Our study has some limitations. Firstly, not all hospitals that participated in the previous TSR study were included in the present BTS-Stroke campaign activity (only 14 of the 39 TSR hospitals are represented in the present study). Nevertheless, this activity revealed many practical and effective strategies that can be transferred to other hospitals. The TSR continues to monitor the quality of acute stroke care according to the established quality measures. The Taiwan Joint Commission on Hospital Accreditation will implement the Taiwan Clinical Performance Indicator on stroke, mainly based on the BTS-Stroke quality measures. Secondly, the BTS-Stroke activity did not store data for individual patients, and only analyzed results for the performance of each hospital. Therefore, it was not possible to adjust for important variables such as age, sex, and stroke severity. However, we have compared performance before and during the BTS activity in the same set of 14 hospitals, which minimizes the unadjusted bias. Thirdly, this is an observational study without a contemporary control group. Thus it is not possible to fully attribute the improvement in measure performance solely to the BTS activity. However a prior analysis from the GWTG-Stroke program assessed the relationship of calendar time and time in the GWTG-Stroke quality improvement program and demonstrated an independent association between time participating in the program and measure improvement [18]. Fourthly, current stroke quality measures, including our own, are often confined to admissions of acute stroke cases and the associated process measures [38]. Revised quality measures for other types of stroke (e.g. hemorrhagic stroke) and measures for long-term care are also needed.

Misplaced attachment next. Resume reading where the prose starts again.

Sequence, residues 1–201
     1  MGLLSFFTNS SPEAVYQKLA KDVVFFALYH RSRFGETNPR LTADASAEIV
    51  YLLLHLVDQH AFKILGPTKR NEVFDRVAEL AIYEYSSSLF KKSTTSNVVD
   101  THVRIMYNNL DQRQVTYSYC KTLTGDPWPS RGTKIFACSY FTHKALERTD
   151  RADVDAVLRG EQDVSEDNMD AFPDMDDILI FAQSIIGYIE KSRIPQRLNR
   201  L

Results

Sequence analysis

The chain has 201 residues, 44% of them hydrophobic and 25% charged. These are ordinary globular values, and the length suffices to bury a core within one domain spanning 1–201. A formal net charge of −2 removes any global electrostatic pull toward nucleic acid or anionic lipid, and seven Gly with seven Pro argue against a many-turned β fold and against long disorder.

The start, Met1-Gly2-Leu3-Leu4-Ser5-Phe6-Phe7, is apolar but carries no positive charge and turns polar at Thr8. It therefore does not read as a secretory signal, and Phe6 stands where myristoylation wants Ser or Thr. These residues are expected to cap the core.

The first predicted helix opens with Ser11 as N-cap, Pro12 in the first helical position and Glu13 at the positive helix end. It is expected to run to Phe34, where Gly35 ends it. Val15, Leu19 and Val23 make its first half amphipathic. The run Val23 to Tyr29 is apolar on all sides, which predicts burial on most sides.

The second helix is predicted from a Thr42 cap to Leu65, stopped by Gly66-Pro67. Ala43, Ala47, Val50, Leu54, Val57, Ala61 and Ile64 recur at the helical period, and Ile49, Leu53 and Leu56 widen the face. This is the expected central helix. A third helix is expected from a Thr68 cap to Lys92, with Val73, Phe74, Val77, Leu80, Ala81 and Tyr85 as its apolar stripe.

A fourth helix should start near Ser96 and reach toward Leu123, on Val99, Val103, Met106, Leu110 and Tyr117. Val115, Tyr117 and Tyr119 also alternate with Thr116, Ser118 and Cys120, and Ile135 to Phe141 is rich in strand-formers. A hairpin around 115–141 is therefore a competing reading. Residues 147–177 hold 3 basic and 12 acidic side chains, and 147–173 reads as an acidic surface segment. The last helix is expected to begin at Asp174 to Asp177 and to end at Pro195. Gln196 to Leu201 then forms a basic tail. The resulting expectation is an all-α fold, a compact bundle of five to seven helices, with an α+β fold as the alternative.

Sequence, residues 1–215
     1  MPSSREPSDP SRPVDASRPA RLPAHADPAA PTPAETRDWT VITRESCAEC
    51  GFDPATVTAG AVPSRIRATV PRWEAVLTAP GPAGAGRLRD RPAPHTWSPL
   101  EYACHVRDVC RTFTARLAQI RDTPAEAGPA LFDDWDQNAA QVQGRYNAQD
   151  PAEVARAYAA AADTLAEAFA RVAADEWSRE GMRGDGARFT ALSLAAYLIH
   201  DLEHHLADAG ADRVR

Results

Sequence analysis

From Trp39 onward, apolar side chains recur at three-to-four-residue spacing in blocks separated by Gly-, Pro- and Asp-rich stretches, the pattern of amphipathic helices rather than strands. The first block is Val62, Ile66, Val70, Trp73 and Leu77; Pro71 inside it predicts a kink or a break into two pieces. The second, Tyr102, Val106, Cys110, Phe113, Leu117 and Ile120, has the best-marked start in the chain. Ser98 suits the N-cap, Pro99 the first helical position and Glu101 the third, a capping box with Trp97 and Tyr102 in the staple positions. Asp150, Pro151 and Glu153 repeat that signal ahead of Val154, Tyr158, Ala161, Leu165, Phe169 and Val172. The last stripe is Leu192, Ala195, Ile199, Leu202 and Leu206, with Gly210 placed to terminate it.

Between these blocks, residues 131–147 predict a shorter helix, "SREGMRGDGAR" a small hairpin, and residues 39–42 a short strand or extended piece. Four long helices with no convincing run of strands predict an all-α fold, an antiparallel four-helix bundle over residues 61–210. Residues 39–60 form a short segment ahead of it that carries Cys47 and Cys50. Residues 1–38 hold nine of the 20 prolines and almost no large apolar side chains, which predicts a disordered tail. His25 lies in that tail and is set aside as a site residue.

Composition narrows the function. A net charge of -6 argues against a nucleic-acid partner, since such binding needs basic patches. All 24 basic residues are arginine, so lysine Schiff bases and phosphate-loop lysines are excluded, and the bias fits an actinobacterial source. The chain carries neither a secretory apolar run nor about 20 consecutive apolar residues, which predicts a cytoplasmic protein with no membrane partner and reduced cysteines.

In conclusion, a BTS collaborative learning and campaign model can improve the guideline adherence for management of acute ischemic stroke. The GWTG-Stroke recommendations can be successfully conducted outside of the United States.

Acknowledgments

We would like to thank BTS-Stroke investigators for their help of data collection from each hospital.

List of BTS-Stroke Investigators

  1. National Taiwan University Hospital: Jiann-Shing Jeng, Sung-Chun Tang, Li-Kai Tsai, Chung-Hwa Chen, Kuang-Yu Huang, I-Chiann Deng, Ming-Ju Hsieh